After all the handshakes, pledges, tough talk and edgy good will, the message that emerged from the latest NATO gathering about Afghanistan came with a disclaimer. Foreign combat troops will leave by the end of 2014 but that target date comes with a string of 'ifs,' 'ands' and 'buts.'
The two-day summit that ended Saturday in Lisbon committed NATO countries to an open-ended involvement in Afghanistan. While the leaders of the European-American alliance set a goal of withdrawing their combat troops over the next four years, they also signed an accord with Afghan President Hamid Karzai pledging long-term military and reconstruction assistance.
They also endorsed a plan to start handing off responsibility for security to Afghan forces next spring, with foreign troops switching to a support and training role and with the aim of completing the transfer within four years.
But NATO chief Anders Fogh Rasmussen officials said the date was not a deadline. Combat operations could continue beyond 2014, he warned, and the pace of the transition will have to be determined by conditions on the ground in each town, district and province.
The meeting brought together leaders of the countries that have troops on the ground, 28 of them members of NATO and 20 others that joined the international force over the nine years that it has slogged away in Afghanistan.
Political support among NATO leaders for an extended military engagement is already wearing thin.
The Dutch ended their combat role this summer, withdrawing their 1,950 troops after four years in Uruzgan province in the centre of the country.
Prime Minister Stephen Harper told the summit that Canada would not budge from its plans to withdraw its military forces next year. He said the 950 military trainers that Canada has agreed to send in their place will leave March of 2014, regardless of whether other allied forces remain in Afghanistan until the end of that year or beyond.
The rest of the assembled presidents and prime ministers, many with elections looming in the next two years, had clearly hoped to bring home a less ambiguous timetable for withdrawal so that they could face down growing domestic opposition to the war.
Instead, they got a sobering assessment of the situation on the ground from General David Petraeus, the American commander of the 130,000-strong international force.
"After several years during which security deteriorated and governance stalled, we have regained the initiative," he told them in a prepared statement at the closed-door meeting.
"Continued patience will enable us to sustain it," he added, "despite the inevitable setbacks that lie ahead."
Some 150,000 allied soldiers, the bulk of them American, are now deployed in Afghanistan. They have faced their most intensive fighting, and sustained their highest casualties, in the past year as the United States moved in 30,000 extra troops.
British and German leaders, as did President Barack Obama, said they intended to thin out their forces but were prepared to keep some troops in the country if needed beyond 2014.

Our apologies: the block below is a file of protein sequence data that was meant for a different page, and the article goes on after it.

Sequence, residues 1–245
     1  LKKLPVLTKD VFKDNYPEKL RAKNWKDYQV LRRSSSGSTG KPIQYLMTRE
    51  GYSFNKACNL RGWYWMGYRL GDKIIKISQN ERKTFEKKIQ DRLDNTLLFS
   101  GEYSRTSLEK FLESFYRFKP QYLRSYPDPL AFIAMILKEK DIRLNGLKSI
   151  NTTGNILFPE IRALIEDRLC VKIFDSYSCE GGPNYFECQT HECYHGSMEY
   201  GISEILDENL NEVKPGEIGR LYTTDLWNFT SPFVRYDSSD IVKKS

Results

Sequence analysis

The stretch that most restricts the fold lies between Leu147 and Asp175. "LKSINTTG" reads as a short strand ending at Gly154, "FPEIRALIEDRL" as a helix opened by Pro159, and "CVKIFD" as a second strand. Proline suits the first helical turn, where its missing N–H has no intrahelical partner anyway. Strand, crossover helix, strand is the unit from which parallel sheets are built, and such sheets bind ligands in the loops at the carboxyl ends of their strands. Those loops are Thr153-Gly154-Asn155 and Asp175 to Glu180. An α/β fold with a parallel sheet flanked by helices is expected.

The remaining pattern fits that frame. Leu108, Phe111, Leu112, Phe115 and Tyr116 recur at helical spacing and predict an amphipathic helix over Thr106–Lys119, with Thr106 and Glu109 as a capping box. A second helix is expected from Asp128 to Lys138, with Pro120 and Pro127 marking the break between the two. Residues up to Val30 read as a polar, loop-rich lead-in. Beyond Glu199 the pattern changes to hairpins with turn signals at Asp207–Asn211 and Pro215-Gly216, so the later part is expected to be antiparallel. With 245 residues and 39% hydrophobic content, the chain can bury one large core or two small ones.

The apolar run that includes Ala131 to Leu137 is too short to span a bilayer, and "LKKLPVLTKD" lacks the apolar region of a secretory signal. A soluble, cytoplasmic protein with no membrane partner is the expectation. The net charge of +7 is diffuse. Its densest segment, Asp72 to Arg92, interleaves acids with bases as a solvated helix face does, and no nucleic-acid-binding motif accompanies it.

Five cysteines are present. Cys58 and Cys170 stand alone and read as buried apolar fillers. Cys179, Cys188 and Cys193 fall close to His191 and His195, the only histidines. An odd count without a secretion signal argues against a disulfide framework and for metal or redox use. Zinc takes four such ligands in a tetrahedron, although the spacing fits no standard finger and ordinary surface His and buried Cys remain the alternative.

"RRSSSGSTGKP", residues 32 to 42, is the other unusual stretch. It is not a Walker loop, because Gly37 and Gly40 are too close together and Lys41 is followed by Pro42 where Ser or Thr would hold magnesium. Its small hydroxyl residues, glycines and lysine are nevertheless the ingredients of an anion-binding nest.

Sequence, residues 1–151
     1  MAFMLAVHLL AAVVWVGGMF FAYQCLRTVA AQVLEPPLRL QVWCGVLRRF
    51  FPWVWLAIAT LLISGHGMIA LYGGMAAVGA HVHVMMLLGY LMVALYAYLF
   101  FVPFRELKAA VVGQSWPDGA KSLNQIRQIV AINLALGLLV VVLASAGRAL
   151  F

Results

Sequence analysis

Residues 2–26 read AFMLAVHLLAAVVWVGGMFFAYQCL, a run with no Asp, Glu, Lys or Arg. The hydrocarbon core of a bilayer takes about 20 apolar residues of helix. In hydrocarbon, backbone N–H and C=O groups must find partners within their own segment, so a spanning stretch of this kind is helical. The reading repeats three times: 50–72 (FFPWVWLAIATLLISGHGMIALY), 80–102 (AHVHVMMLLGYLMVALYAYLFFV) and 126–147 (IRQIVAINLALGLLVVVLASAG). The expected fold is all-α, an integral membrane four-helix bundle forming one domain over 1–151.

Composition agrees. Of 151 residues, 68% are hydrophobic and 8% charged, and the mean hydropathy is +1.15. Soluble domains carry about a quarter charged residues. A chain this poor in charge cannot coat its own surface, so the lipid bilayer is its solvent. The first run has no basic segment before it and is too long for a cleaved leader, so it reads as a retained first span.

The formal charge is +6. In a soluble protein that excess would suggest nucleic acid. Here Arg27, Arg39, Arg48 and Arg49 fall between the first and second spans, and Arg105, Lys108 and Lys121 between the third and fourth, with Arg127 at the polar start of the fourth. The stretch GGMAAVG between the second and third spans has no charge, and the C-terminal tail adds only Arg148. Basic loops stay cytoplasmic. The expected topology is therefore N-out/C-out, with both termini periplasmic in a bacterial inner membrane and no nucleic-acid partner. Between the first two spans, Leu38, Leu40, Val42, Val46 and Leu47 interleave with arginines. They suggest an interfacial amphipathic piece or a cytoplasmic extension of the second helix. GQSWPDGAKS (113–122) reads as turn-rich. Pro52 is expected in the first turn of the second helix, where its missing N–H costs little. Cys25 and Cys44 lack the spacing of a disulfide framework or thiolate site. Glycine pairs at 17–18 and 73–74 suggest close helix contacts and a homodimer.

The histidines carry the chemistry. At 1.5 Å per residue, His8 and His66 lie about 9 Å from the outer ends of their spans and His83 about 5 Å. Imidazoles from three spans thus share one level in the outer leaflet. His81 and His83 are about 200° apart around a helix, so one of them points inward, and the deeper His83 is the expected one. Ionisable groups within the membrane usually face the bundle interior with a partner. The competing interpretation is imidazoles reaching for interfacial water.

British Prime Minister David Cameron, in an interview with Sky News after the summit, said some of the country's 9,500 soldiers would stay on to train Afghan forces or deliver aid. "There will not be British troops in large numbers and they won't be in a combat role" by 2015, he said.
French President Nicolas Sarkozy, though, was already anticipating a quicker drawdown. Although NATO officials said they could not say where the first transfers to Afghan forces were likely to occur, Mr. Sarkozy told reporters in Lisbon that some 40 districts have been deemed secure enough to be handed over to Afghan security forces.
He said one of them is in Kapisa province where most of the 3,000 French soldiers are deployed, and that one would be transferred next year.
The summit laid bare the frustrations of many of the NATO country leaders with Mr. Karzai.
They acknowledged that Mr. Karzai, as a fellow politician, he has his own constituency to win over by making good on his campaign promise to have international troops transfer authority over his country's affairs by 2014. But they also publicly admonished him to more to clean up corruption and appoint local officials on the basis of competence rather than political favouritism.
Four years probably will not be enough, according David Sedwill, the top NATO administrator in Afghanistan and the civilian counterpart to Gen. Petraeus. He told the NATO leaders that they can encourage the Afghan government to establish the rule of law, but four years may not be enough.
Mr. Sedwill, a British diplomat, described a visit he made to the city of Marjeh in Helmand province earlier this year after allied forces pushed out the Taliban. The community was traumatized, he said, but less by their experience with the Taliban than by with the "brutal and predatory" Afghan police who were in charge before the insurgents took over.
"By 2014," he said, "there will still be pockets of tribal, ethnic, criminal and political violence throughout Afghanistan."